Wild being patient with Dumba

The Red Deer Rebels were still awaiting word Thursday on star defenceman Mathew Dumba and his hopefully impending return from the Minnesota Wild. The question is, why?

The Red Deer Rebels were still awaiting word Thursday on star defenceman Mathew Dumba and his hopefully impending return from the Minnesota Wild.

The question is, why?

Why did the Wild keep Dumba through their first three NHL regular-season games only to plant the 18-year-old in the press box? Dumba was the club’s spare defenceman, apparently just an injury away from getting into the Minnesota lineup, but could the Wild not have summoned a player from their AHL farm team in Houston to fill the role of designated sitter?

Then again, Dumba is a signed player and thus is basically Wild property. Minnesota management has the final say on his immediate future.

“That’s their decision,” said Rebels associate coach Jeff Truitt, who on Thursday hadn’t received any word on Dumba’s prospective return. “You can’t speculate, you can’t think, you can’t hope. Whatever they (Wild) decide is up to them.”

The Wild were so impressed with Dumba during training camp that he was placed on the regular-season roster as insurance while the team waited for defencemen Jonas Brodin and Marco Scandella to return from injury. Brodin, in fact, is expected to make his NHL debut tonight in Detroit after starting the season in the AHL.

The likelihood, then, is that Dumba will eventually be returned to the Rebels. But when?

“If there comes a time where we don’t feel we need him around or if we feel it’s not helping his development, then we’ll make that decision,” Wild head coach Mike Yeo told Michael Russo of the Minnesota Star Tribune.

“With his ability to skate, to shoot, to jump in the offense, to play physical, he’s got all the physical tools to be a dynamic player,” added assistant GM Brent Flahr said. “We’ve got to be patient in our expectations though.”

Flahr insisted Dumba’s stay in Minnesota, no matter how long or whether he actually plays, will be good for his confidence.

“You go from being cut from (Canada’s) world junior team — whether that was right or wrong — and maybe second-guessing certain things to coming here and playing with NHL players, all of a sudden you realize you’re not far away,” Flahr said. “This is a great experience for him.”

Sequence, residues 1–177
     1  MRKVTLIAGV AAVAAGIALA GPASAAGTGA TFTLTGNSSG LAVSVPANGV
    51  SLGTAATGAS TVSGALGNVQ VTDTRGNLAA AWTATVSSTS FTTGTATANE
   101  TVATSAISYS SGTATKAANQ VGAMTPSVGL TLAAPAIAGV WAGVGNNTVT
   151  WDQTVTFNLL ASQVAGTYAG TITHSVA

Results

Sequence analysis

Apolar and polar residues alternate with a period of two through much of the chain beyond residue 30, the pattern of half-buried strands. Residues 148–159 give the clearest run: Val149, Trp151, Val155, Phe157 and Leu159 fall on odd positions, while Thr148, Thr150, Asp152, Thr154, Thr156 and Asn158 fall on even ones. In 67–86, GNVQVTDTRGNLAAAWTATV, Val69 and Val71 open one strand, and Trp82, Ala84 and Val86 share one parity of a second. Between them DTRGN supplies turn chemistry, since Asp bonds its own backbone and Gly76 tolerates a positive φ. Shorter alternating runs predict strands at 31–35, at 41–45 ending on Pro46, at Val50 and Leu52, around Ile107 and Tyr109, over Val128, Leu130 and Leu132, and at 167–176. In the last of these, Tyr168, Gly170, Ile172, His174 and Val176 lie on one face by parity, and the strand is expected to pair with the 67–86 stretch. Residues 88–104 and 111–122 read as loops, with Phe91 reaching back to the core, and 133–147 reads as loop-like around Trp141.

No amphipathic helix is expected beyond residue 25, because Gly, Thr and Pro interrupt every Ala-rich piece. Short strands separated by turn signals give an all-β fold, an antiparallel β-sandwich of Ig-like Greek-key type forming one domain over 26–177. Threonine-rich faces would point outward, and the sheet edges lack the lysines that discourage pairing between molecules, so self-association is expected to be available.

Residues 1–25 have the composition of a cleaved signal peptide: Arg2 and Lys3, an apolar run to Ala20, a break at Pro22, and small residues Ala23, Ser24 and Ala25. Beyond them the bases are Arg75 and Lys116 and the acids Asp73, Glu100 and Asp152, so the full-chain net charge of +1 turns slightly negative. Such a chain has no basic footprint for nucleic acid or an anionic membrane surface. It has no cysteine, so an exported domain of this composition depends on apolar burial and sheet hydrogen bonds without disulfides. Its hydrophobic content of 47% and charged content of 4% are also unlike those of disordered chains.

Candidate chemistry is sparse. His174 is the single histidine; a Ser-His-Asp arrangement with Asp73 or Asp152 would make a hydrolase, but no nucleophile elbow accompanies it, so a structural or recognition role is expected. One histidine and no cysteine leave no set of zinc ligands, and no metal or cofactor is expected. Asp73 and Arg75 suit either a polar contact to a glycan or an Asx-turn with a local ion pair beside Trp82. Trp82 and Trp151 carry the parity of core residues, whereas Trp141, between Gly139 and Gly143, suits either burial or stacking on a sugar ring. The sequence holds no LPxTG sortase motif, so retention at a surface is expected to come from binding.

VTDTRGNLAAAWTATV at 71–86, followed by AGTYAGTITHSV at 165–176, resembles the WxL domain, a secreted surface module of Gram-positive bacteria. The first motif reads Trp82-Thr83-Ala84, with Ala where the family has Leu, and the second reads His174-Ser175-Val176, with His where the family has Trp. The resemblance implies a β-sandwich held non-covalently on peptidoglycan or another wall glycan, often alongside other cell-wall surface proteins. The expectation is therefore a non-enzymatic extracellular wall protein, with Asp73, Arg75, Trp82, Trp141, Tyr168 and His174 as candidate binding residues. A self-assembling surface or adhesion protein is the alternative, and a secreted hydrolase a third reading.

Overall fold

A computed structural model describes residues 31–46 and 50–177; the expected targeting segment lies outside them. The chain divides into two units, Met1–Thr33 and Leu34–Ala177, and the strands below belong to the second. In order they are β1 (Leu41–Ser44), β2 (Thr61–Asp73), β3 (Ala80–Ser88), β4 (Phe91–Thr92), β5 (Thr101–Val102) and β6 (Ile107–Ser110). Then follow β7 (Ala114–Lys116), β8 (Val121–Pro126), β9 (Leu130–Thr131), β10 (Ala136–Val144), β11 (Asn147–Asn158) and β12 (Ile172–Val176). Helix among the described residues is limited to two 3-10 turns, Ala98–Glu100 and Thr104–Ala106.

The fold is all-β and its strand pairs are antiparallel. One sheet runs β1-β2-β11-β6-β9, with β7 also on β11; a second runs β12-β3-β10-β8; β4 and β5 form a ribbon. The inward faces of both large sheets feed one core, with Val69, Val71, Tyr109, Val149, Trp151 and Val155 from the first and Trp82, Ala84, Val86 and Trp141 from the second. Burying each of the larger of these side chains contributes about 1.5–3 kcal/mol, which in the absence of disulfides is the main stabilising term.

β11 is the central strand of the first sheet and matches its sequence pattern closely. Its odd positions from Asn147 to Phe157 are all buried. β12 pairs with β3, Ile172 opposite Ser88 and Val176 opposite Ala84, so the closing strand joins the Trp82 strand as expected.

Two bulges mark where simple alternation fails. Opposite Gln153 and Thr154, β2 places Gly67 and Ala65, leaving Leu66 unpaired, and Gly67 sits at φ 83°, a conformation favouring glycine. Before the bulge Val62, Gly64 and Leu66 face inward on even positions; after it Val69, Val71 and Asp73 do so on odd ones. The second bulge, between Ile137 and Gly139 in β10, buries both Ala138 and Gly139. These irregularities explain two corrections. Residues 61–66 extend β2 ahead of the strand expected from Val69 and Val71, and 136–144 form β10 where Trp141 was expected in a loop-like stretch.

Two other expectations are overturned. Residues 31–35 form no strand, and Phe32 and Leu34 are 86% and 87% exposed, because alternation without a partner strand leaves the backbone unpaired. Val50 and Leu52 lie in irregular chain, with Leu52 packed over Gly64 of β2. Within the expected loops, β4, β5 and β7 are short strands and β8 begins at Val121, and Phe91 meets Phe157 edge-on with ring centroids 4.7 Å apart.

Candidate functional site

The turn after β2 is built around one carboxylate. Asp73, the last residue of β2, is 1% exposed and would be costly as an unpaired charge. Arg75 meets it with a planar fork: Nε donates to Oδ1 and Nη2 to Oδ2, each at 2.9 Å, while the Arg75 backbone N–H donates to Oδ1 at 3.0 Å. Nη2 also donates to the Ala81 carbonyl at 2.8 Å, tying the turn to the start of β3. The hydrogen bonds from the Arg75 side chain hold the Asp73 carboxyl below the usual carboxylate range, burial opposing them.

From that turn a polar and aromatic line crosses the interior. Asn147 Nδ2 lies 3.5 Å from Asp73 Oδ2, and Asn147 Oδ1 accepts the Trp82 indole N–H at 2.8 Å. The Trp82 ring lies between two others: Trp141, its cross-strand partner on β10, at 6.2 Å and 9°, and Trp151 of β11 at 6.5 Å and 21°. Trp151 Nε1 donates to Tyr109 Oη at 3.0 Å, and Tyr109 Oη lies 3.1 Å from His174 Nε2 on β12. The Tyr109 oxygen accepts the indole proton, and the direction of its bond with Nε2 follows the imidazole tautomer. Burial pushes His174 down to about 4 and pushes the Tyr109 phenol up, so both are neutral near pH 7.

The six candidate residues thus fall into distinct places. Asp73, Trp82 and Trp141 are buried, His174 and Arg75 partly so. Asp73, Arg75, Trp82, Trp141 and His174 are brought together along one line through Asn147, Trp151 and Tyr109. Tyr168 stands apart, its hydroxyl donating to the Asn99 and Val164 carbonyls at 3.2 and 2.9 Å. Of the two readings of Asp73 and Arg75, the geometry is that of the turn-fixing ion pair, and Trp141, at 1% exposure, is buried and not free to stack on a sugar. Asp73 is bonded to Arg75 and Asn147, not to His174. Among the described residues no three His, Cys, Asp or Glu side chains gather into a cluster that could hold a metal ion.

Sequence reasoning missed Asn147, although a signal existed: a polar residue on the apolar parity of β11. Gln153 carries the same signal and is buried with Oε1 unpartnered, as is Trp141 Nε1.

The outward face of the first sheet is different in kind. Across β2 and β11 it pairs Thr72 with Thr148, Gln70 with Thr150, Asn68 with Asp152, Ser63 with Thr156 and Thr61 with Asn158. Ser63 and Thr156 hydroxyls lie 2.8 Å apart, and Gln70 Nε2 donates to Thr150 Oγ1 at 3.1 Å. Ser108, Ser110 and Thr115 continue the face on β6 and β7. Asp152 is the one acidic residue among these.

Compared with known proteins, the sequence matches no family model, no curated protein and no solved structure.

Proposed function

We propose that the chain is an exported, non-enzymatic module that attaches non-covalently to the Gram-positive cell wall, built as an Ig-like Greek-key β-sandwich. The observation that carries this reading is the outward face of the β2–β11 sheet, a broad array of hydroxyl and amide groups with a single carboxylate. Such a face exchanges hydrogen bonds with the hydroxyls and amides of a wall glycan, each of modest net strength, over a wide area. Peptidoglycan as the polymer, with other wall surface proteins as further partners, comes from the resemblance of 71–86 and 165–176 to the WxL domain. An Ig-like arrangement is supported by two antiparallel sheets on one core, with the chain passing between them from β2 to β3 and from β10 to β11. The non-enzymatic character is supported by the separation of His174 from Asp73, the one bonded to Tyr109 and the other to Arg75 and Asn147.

H H H

Mark Holick arrived in Prince George during the first intermission Wednesday and then watched his new team — the host Cougars — drop a 3-2 decision to the Prince Albert Raiders.

The club is hoping that Holick’s view of the Cougars will be more favourable as the new head coach. Holick, who coached the Kootenay Ice for three seasons and was the bench boss of the Syracuse Crunch of the AHL the past two years, was hired earlier Wednesday to replace Dean Clark, who was relieved of his duties after three and a half years with the Cougars.

While Prince George is a long-suffering WHL franchise and fan interest in the city is at an all-time low, Holick insisted that he’s downright pleased to be back in the league.

“There are only 22 (head coaching) jobs in the league and they’re all pretty prestigious positions,” Holick, who made the drive north from his home in Penticton, told Sheri Lamb of the Prince George Citizen. “If you get an opportunity to work in the league I think you should certainly look at it, so I’m real happy to be here.”

Holick first talked with Cougars general manager Dallas Thompson two weeks ago in regards to taking over the coaching reins. The two men then met face to face last weekend in the Okanagan.

“Talks got a little bit more serious and we managed to work something out,” said Holick.

The new coach realizes the challenge he faces. The Cougars sit ninth in the 10-team Western Conference.

“Coming in, it’s a little bit of a challenge but at the end of the day we just want to try and instill some good habits and try to be the hardest-working team on the ice,” he said. “If we can do that, the rest takes care of itself.”

Thompson is confident he’s found the right man.

“I was just very comfortable with him and the approach he wants to take with the players,” Thompson told Jason Peters of the Citizen. “I think he’s more of a players’ coach. Certainly there will be a little more of a different attitude in the dressing room. I think he’ll communicate with the players a little bit different.”

Meanwhile, Clark told Lamb that the firing caught him off guard.

“Dallas just came down at 11:30 (Tuesday) morning and let me go,” said Clark. “You’re never expecting that news but at the same time that’s part of the game. It’s a results-based business and when you look at my record there’s not a lot of results there. That’s just the way it goes.”

Clark had an 83-163-5-11 record during his time with the Cougars, who made the playoffs just once during his tenure — in 2011 when they were swept by the Kelowna Rockets in the first round.

“I was grateful for the opportunity to get back into the league,” said Clark, who previously enjoyed coaching success with the Brandon Wheat Kings and Calgary Hitmen and also coached the Kamloops Blazers. “I don’t think I would change anything that I’ve done. I’ve got a lot of pride with the work that I put in here. I worked very hard at this.”

Just notes: Former Rebels forward Willie Coetzee scored once and collected an assist while representing the Toledo Walleyes in Wednesday’s ECHL all-star game in Loveland, Colo. Sundre product Austin Fyten, representing the Idaho Steelheads, was held pointless in the 7-3 win over the Colorado Eagles.

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